This is a really bad take. Medical studies are obnoxiously hard to interpret for lay people, even lay people with a really strong stats or science background.
*Most* medical papers are not double-blinded trials with outcomes designed for patients and practitioners to change their ways immediately, and are several steps before those trials. And if you're not careful, those papers can be enormously misleading, or even dangerous to follow
Perhaps the easiest way to drive this home is to explain by way of "proving" an obviously bad result using medical papers, and show how if you're cherry-picking papers and not really being careful to look for biasing errors, you can end up with extremely dodgy medical advice.
So here goes. Here's a magic snakeoil cure for COVID. Proven by science*! Makes you healthy**! Widely and cheaply available, even in the US***! Can even be taken preventatively****!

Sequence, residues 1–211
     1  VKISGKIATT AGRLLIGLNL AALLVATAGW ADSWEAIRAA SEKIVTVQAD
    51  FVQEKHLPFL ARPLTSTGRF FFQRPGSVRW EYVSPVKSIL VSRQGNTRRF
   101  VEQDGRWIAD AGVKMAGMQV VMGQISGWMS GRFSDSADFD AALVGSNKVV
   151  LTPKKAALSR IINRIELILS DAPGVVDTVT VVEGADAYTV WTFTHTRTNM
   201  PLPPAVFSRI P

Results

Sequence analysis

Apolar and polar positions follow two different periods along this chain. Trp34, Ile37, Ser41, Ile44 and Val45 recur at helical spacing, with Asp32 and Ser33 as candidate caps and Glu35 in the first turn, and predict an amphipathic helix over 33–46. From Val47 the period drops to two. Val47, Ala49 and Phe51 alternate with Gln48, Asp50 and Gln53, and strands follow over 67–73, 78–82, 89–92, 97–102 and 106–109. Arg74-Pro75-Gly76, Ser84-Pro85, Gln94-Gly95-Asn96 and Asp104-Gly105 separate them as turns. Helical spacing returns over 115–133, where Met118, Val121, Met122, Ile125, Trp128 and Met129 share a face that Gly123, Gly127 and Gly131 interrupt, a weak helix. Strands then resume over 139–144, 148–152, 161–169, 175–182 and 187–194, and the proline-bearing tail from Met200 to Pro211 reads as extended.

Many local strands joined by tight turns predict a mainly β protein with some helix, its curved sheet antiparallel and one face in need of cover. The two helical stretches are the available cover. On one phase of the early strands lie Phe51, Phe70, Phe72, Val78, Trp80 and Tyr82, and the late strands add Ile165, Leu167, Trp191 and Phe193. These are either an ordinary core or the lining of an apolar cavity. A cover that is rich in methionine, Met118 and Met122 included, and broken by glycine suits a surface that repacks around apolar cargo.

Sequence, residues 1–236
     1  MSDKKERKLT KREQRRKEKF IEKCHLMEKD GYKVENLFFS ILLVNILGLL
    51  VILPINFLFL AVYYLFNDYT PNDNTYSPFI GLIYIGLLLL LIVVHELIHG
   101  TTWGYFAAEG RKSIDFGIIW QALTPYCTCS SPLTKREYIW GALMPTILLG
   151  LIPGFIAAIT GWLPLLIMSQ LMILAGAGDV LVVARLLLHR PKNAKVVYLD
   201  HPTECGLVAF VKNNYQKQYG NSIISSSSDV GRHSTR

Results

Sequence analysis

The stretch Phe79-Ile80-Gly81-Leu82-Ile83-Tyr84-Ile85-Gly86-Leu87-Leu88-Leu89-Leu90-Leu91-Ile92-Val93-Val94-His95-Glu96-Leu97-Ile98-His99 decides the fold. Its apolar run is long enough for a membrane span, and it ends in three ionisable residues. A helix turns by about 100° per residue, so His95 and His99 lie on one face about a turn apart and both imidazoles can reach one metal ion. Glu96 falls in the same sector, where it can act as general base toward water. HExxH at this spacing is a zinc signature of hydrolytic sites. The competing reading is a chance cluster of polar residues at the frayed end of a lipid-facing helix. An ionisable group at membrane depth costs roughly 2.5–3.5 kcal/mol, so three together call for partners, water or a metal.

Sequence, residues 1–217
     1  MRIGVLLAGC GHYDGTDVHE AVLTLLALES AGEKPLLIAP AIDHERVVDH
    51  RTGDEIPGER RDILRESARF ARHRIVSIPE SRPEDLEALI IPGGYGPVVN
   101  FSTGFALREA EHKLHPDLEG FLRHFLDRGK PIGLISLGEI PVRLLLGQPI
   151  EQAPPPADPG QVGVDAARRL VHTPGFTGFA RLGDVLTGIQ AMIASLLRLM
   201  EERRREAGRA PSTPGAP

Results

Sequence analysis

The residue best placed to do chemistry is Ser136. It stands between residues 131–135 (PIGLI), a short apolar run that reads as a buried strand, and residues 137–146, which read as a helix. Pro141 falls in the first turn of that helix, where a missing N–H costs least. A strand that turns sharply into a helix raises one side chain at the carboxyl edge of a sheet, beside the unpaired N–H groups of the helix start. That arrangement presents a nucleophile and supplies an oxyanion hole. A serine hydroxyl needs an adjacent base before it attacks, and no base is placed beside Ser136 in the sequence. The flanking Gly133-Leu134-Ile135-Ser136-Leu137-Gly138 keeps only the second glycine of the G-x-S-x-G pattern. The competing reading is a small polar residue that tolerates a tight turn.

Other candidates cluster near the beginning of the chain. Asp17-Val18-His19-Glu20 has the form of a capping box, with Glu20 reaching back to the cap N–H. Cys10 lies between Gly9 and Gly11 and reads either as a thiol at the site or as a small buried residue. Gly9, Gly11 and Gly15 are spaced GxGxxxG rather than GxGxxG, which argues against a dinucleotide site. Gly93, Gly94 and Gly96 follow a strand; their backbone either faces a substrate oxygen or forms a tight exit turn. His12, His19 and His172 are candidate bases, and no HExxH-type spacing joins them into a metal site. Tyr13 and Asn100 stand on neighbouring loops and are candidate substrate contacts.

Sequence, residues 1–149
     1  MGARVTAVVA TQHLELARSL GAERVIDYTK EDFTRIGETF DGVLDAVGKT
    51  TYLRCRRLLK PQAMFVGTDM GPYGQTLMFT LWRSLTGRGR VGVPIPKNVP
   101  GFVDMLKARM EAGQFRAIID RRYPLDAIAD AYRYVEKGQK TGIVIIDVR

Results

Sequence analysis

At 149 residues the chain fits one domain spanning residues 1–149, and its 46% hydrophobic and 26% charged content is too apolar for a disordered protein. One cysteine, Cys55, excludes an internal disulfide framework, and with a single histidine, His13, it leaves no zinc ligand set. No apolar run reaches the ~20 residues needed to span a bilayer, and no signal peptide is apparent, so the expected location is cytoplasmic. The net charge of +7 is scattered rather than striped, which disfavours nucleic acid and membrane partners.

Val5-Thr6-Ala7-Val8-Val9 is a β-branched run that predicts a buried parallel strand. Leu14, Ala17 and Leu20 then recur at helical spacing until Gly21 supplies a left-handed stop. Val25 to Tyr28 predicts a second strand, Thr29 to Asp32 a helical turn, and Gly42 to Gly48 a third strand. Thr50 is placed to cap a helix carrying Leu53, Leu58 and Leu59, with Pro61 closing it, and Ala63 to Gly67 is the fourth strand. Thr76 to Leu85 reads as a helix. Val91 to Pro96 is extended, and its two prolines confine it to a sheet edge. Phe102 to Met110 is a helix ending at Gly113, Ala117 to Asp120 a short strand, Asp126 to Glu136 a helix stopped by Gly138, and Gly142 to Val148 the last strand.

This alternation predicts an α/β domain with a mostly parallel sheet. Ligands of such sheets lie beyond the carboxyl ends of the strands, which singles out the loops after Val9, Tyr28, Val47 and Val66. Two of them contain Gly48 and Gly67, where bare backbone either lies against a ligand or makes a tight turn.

So here's our new wondercure for CV:


* isn't
** does not
*** i guess
**** don't tho
First things first. Literal mountains of evidence this is obviously unhealthy, and a ton of evidence this will make CV much worse. So don't actually. But this thread is not here to give you good medical advice. It's to cherry-pick papers to shill for a miracle snakeoil wondercure
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